Dynamic Load Monitoring (DLM) Celebrates 30 Years
The manufacturer of force measurement equipment will stage a series of events, including a staff away day, culminating in a celebration in the summer, which chimes with Martin Halford, managing director, completing 14 years of ownership.
Today, DLM provides running line monitors (RLMs), saddleback monitors (used in pre-lay grapnel run and route clearance operations to measure line tension), load pins, and load cells that capture data as tension is applied to lifting and marine equipment. Turnover has grown almost 10 times since 2009, when Halford and his father, Jeff, acquired a company based in a converted barn, where a state-of-the-art, 8,000 square-foot facility forms headquarters today. It employs 25 members of staff and has a facility in Singapore.
Halford said: “We bought the business on 1 October 2009, and I started the following month. My father was working in the offshore industry and joined me five years later, before retiring last year. I had no idea how to buy a business and didn’t really think it was possible, but that’s history now.”
Halford first walked through the DLM—that has always been the company name—door on work experience as a 15 year old. He continued to visit during holidays, while studying electronic engineering at university. He started work as a technical sales engineer elsewhere but kept in touch with DLM’s previous owners and was aware of their plans to eventually sell-up and retire.
A proven innovator
The company’s journey can be charted through various product innovations. It started supplying subsea load pins to the offshore cable laying industry, while tensile and compressive load cells were in demand from local and national lifting companies. Growth overseas dovetailed with expansion of calibration services, as DLM expanded into electronics over time. All these products and expertise remain central to the company’s offering today.
Halford said: “We still work in the same industries but have expanded and improved our product offerings and scope of our supply internationally. We have always tried to maintain the mentality that customer service is our priority, and our ethos is built on finding a way to solve project challenges. This in turn leads to product innovations, such as our de-trenching and other grapnels. As we’ve expanded, there’s been a requirement to reinforce our product provision with [ISO, ATEX, and other] accreditations.”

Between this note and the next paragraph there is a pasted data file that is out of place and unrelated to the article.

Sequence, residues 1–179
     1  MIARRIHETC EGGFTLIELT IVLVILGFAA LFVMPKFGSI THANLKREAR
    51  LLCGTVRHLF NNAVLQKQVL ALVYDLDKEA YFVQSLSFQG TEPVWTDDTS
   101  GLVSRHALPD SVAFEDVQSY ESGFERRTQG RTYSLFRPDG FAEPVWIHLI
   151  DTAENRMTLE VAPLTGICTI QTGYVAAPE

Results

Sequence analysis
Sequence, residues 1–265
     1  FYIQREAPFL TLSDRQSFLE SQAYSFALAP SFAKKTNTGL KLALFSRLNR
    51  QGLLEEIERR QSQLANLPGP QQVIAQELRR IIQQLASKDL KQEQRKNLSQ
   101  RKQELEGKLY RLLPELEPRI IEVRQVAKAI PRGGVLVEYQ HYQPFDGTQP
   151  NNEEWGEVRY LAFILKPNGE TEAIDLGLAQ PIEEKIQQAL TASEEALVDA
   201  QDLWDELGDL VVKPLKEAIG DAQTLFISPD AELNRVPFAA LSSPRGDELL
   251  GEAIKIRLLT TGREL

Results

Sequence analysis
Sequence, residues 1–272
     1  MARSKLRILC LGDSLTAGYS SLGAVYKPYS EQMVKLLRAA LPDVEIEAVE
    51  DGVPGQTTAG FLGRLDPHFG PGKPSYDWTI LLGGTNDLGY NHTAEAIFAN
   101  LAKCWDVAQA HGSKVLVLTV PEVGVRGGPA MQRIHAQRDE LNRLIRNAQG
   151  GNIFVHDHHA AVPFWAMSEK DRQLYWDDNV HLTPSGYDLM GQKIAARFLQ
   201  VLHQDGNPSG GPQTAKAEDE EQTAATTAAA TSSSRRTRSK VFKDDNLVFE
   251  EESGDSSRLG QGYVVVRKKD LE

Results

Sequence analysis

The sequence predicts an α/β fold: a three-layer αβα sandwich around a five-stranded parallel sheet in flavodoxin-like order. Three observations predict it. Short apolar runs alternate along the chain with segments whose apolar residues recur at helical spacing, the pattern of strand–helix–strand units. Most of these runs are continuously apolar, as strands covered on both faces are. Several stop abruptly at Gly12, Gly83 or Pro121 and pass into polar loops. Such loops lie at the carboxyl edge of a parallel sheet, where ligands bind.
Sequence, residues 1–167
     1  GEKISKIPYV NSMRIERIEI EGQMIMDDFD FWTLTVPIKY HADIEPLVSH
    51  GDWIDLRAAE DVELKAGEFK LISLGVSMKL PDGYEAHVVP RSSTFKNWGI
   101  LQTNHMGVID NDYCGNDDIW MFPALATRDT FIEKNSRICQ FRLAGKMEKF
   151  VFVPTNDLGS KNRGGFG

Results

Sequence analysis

DLM has now purchased its facilities, with set-up of a marine sales division (2015) and moving into new offices (2017) standing out as major milestones. Investment has continued in the hire fleet, as demand grows for short- and mid-term use of products such as its RLMs. Halford also pointed to development of the TW-3.0 handheld, which is a wholly owned DLM product; expansion of computer-aided design and engineering technology and personnel; and increased presence in subsea and renewables sectors. In fact, subsea load pins are a best-seller.
He added: “We are constantly innovating and looking at how our products can be better. We want to totally digitise the company and all its processes, and in the next three years we want to go paperless. We also want to position ourselves as the prominent load cell manufacturer in the lifting industry and continue to be known for offering custom solutions to clients’ requirements. Longer term, we aim to be the key equipment supplier to the offshore cable lay industry and be able to offer a complete package to clients ahead of projects.
“We will likely also need to expand both domestically and internationally, with nearly half of our current business already being generated overseas.”